Combine your love of vintage with everyone’s favorite dessert by hosting a classic ice cream social in your yard.
Judy Cloud, co-owner of Leola’s Vintage Home & Garden in Ozark, Missouri, sets the scene for her event on the front lawn and porch of her Pleasant Hope home. Judy decorated with a blend of garden florals, gingham, and vintage flags. You could try a patriotic theme of red, white, and blue if your party coincides with the Fourth of July. Or opt for a pretty pastel theme for early summer.
To recall a bygone era, dot the lawn, patio, or porch with nostalgic collectibles like this old bench and salvage birdhouse. Add festive flair to your gathering with draped and hanging flags, pennants, or garlands. Fill buckets, vases, pitchers, and jars with fresh-picked flowers and greenery. Place billowing ferns in large tubs and potted plants near seating areas.
A vintage ice cream freezer takes pride of place in an old wagon by the steps to the front porch. An ironstone pitcher filled with frothy hydrangea blooms provides a dainty touch.
To ensure mingling, set up a table of treats on the lawn where guests can gather around all four sides. Place other food and beverage stations around the porch and yard.
Cookies and cones fill covered glass canisters. Chalkboard labels identify the contents. Serve up hand-dipped cones on a ceramic or silverplate tray.
A three-tier stand of crunchy cookies, pretty dessert dishes filled with delectable toppings, and jars of long spoons and straws offer a buffet of treats. Set cookies out in the open only at the last minute, especially on humid days when they will lose crispness quickly.
An old wooden crate elevates a serving of baked sweets (to eat on their own or submerged beneath scoops of ice cream). A red-checked cloth and a jar of sunflowers complete the delicious display.
Balance all those sugary treats with an offering of fresh fruits (but they also provide tart toppings for sundaes and bases for banana splits). The presentation makes a pretty centerpiece, too.
Summer heat guarantees thirst so keep lots of cold beverages on hand. Stock up on spring water and root beer (both non- and alcoholic, maybe for a root beer float?) or try this fresh spritzer:
49 oz. bottle chilled cranberry juice cocktail
1 liter bottle chilled sparkling water
Mix juice and water in large jars or beverage dispenser. Add lemon slices and ice. For an alcoholic version, substitute chilled white wine for the juice.
A grouping of vintage Americana, such as this toy truck, baseballs, and street sign recall simple pleasures. Lined baskets of disposable plates and cups are placed near all the food and beverage tables.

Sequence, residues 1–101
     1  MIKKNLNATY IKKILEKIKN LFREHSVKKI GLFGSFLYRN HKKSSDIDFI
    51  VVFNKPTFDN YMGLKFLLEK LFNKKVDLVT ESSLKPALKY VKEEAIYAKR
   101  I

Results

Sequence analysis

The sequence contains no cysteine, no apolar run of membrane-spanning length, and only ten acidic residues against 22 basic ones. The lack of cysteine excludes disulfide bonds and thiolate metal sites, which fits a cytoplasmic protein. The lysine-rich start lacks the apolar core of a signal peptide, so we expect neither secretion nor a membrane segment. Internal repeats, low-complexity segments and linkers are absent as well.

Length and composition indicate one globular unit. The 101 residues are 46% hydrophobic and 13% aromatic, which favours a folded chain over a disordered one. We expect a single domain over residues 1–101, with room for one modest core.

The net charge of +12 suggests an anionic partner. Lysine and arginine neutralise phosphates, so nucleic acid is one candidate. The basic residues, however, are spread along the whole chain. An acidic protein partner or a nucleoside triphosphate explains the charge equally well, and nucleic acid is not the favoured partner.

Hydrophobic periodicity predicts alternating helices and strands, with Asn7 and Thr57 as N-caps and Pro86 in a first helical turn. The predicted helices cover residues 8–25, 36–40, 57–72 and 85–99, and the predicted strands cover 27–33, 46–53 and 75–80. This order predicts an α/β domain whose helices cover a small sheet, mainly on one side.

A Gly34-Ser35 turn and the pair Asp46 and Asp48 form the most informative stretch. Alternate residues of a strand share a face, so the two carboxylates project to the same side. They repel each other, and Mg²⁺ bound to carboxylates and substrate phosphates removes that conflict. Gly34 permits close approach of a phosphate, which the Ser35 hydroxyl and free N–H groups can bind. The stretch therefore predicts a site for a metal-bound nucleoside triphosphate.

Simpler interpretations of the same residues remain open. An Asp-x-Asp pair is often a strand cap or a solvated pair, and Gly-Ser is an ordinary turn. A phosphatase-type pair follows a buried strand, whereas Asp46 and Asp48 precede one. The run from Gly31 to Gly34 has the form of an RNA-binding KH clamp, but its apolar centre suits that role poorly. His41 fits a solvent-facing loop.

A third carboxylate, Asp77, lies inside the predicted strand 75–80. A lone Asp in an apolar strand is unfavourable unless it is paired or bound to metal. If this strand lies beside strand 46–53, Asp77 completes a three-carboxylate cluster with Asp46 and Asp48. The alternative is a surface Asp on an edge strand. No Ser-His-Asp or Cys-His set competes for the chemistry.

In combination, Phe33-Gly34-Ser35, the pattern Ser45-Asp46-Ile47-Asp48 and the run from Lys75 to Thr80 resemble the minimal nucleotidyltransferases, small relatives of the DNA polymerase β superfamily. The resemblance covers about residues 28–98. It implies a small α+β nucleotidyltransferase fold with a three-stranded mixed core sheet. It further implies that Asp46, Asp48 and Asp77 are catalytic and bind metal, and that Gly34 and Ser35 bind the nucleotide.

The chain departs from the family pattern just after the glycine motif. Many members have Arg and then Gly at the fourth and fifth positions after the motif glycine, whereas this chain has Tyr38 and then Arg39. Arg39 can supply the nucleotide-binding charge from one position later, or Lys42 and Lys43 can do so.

Served in vintage parfait glasses, ice cream sundaes are sweet treats to beat the heat. The metal table and chairs are reminiscent of old ice cream parlor furnishings.
A vintage kitchen scale supports an old metal pitcher filled with napkins. A jaunty red bow around the neck coordinates with the red paisley placemats as well as the American flags dotted around the porch and lawn.
Kids, teenagers, friends, and family—who doesn’t love an afternoon of games, chat, and ice cream? A shady lawn and deep front porch offer a lovely landscape for a languid afternoon of play and conversation. Lacy cushions and bird-theme pillows add elegance to metal garden chairs. Roll in a croquet set and you’re ready for a genteel competition on the lawn.
Wicker easy chairs on the porch are an excellent vantage point for watching the croquet matches below.
Follow these suggestions to make your ice cream social the event of the summer.
If you’re freezing your own ice cream, make it the day before the party. If purchasing, stick to a few basics like vanilla, chocolate, and strawberry plus perhaps one special seasonal flavor. Purchase fresh waffle and sugar cones from a specialty retailer. On the day, set out all your toppings and desserts, then bring out the ice cream as guest arrive.
How much ice cream do you need? A quart usually yields about eight scoops, so for every 15 people, at two scoops apiece, you would need a gallon of ice cream. Plan on about four pints of sauces and toppings for the same number of guests.
Keep ice cream cold in a cooler lined with dry ice (usually available at supermarkets) and wrapped with a pretty cloth. For best use of the cooler space, present the ice cream in cylindrical metal icing buckets.
Stash a pail of soapy water and a sponge nearby for spills and melting ice cream. Wipe immediately to discourage bees and other inquisitive bugs from swarming your party. Dispose of trash regularly in tightly sealed garbage bags but place trash bins well away from the main event.
Produced by Judy Cloud and Ginny Randall
Photographed by Chris Hennessey
© Caruth Studio